Yet, many successful science writers chose science writing as an alternative career, on the rebound from the bench, or just stumbled into it. If you're serious and capable, you can do it, too.
Is there any advantage, then, to having an advanced degree in science?
But there's another good reason why advanced scientific training is advantageous: it can make you a better journalist.
Some people in this profession make a distinction between science writers—whose job is to clearly and accurately describe interesting science in plain language—and science journalists—whose job is to get to the bottom of a story, to figure out what's really going on behind the scenes, who the main players are, and what the real "scoop" is.
Unless you happen to be writing about your narrow specialty—which probably won't happen nearly often enough to make a career—your scientific training won't help you much to become a better science writer.
But scientific training will help you be a better journalist. Many of the old salts among today's science writers started out as journalists then switched over to the science beat after acquiring a measure of reportorial savvy, and that's what makes them good science writers.
Many of the skills of science and journalism are very similar. If during the bench-science phase of your career you manage to make yourself into an effective researcher, then those same aptitudes—especially a healthy skepticism and a belief that every problem has a solution—will make you a better journalist. You won't be satisfied with describing surfaces when there's something deeper to explore.
Any advice on query writing?
The best advice I can give about query letters is to do your homework, network, and always to write queries appropriate for the publication. Once you are established, the editor will trust you to deliver a sound product every time. When you're just starting out, you can sometimes accomplish the same thing by convincing the editor that you're serious, have potential, and deserve a break. Familiarity, in this case, breeds content. See below.
There's another respect in which it is important to specialize. There's a tendency, when first starting out, to view query writing as equivalent to buying a lottery ticket. If you pitch a story enough times, the reasoning goes, someone is bound to catch it. For the aspiring writer this approach has a certain psychological appeal: It requires lots of busy-work so you feel like you're doing something, but it doesn't take much of an emotional commitment. It feels safe.
That safety is precisely why it's a bad approach. Any career transition requires a serious investment. You have to take some chances. Here's another reason: As I suggested earlier, it's all about making connections, and that isn't something you can do casually.
Do your homework and work only a few publications at a time. Choose well: there's no point in wasting time on publications that don't publish new writers.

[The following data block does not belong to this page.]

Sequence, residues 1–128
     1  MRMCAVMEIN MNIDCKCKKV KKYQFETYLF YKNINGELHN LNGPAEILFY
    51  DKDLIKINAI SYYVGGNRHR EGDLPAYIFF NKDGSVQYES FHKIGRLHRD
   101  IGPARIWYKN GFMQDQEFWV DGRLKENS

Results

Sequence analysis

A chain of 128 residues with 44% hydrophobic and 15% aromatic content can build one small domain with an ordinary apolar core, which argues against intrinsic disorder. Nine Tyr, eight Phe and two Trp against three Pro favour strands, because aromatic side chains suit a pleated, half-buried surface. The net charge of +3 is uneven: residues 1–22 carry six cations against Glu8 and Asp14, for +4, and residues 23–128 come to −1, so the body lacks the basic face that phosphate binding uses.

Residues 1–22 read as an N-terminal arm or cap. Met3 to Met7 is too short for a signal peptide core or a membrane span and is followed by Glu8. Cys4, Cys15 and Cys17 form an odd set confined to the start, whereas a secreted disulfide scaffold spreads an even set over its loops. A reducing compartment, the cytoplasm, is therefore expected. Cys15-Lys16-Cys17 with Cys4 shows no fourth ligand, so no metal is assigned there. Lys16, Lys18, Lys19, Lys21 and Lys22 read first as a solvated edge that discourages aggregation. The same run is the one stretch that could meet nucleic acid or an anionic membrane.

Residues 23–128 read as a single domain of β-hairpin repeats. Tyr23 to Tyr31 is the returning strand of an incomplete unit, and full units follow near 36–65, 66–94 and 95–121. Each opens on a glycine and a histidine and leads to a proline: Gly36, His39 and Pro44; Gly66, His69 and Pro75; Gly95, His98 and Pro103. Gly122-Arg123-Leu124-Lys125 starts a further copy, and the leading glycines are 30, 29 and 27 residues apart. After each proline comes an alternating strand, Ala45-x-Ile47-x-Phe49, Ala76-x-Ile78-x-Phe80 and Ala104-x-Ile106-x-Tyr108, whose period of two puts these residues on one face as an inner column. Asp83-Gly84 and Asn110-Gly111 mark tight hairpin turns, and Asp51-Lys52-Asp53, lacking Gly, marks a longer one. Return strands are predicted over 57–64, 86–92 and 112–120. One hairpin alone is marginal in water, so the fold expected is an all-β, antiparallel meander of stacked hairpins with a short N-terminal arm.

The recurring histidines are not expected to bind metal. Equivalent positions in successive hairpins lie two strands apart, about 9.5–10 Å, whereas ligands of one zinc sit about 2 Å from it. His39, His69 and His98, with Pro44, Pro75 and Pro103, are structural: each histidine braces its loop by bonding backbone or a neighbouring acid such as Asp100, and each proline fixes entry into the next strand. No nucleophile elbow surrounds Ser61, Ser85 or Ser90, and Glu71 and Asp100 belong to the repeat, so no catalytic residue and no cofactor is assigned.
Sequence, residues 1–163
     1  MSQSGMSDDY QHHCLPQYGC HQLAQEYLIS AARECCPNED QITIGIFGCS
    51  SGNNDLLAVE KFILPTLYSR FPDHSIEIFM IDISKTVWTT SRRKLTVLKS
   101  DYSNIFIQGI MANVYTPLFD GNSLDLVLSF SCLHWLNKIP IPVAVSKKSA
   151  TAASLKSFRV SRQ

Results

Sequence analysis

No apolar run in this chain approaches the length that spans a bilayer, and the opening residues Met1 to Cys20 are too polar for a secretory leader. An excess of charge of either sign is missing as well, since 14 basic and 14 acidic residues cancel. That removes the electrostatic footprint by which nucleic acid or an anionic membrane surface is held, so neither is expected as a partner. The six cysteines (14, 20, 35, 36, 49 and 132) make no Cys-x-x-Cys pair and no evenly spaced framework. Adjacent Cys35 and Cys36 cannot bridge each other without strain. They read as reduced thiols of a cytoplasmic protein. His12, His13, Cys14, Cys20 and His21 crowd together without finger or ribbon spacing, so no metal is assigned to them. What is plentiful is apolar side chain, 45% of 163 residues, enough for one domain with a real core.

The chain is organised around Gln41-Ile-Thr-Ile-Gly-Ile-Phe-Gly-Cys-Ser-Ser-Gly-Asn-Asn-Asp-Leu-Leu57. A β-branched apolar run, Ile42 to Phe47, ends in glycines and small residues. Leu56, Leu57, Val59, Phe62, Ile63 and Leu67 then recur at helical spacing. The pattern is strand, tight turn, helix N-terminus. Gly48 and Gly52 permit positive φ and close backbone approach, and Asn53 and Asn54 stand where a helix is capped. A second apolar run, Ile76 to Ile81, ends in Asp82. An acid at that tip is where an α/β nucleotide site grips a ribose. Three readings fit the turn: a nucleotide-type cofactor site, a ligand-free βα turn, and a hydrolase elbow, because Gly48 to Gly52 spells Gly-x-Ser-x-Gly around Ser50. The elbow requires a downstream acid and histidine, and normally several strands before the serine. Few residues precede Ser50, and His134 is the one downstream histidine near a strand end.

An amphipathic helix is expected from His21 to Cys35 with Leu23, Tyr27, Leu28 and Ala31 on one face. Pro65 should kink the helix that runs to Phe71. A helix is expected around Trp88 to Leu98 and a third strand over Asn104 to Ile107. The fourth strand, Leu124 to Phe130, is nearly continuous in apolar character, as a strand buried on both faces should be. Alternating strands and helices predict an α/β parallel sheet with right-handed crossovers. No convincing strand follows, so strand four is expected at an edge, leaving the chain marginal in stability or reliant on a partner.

Then put some eggs in those baskets. Study the publications you target until you know them inside and out. What categories of content do they publish? How are the articles structured? Who generally writes the articles in each category—staff writers or freelancers? Know precisely what the editors are interested in, then write a query that promises them what you already know they want.
Be patient and build long-term relationships.
My first contribution to Stereophile, a publication I still contribute to occasionally, was a letter to the editor that was posted online. That letter was the beginning of a regular (but not too frequent) correspondence between the magazine's editor and me. My second contribution to Stereophile was a personal essay that was published on page one. The time between first contact and first paying gig: about 2 years.
Take every opportunity to publish good writing.
She will, however, know if it's a hack job. So don't allow anything to be published that isn't your best work, even if you don't get paid.
Savor the experience.
3, Science Journalism Degrees—Do They Make a Difference?
DURHAM, NORTH CAROLINA
20 MAY 2005
Is specialized training in science writing required to be successful in the field? Some of the country's top science writers have no training in journalism and would probably answer "no." Yet, even if a science writing degree isn't absolutely necessary for a science writing career, it does make entering the field a whole lot easier.
Jennifer Frazer, an environment reporter for the Wyoming Tribune-Eagle and a graduate of the science writing program at the Massachusetts Institute of Technology (MIT) says, "The sad truth is regardless of your ability, with so few jobs, competition will be fierce and my sense is that employers tend to favor those with writing degrees or lots of experience."
|For this story, Science's Next Wave looked at the methods for preparing science writers at the Graduate Program in Science Writing at MIT, The Center for Science and Medical Journalism at Boston University (BU), and the Science Communication Program at the University of California at Santa Cruz (UCSC). Program directors, former program participants, and science editors who have worked with their graduates agree that graduate-level training in science writing is a great way to get started in the business. |
Those admitted to these programs can expect to dive head first into an intense one-year program that includes an internship period. Most of the students who enroll are mid-career scientists with extensive research experience. But according to Marcia Bartusiak, visiting professor at the MIT program, these aren't just lab rats looking to find an alternative career in science. "They are usually people who had been conflicted from the start," she says. "They arrived at college and saw two paths in front of them, one science and the other writing. Some of them chose the science route, but always felt their heartstrings being tugged toward writing."
Douglas Starr, co-director of the Center at BU, agrees and says those students are better adjusted than many of their colleagues because they see the larger picture. "A lot of students who have been really good at science and English have always been told they are sort of odd or that they don't fit," he says. "But the truth is they fit better than anybody else. They understand there is no division between science and the humanities because they're both deeply human activities."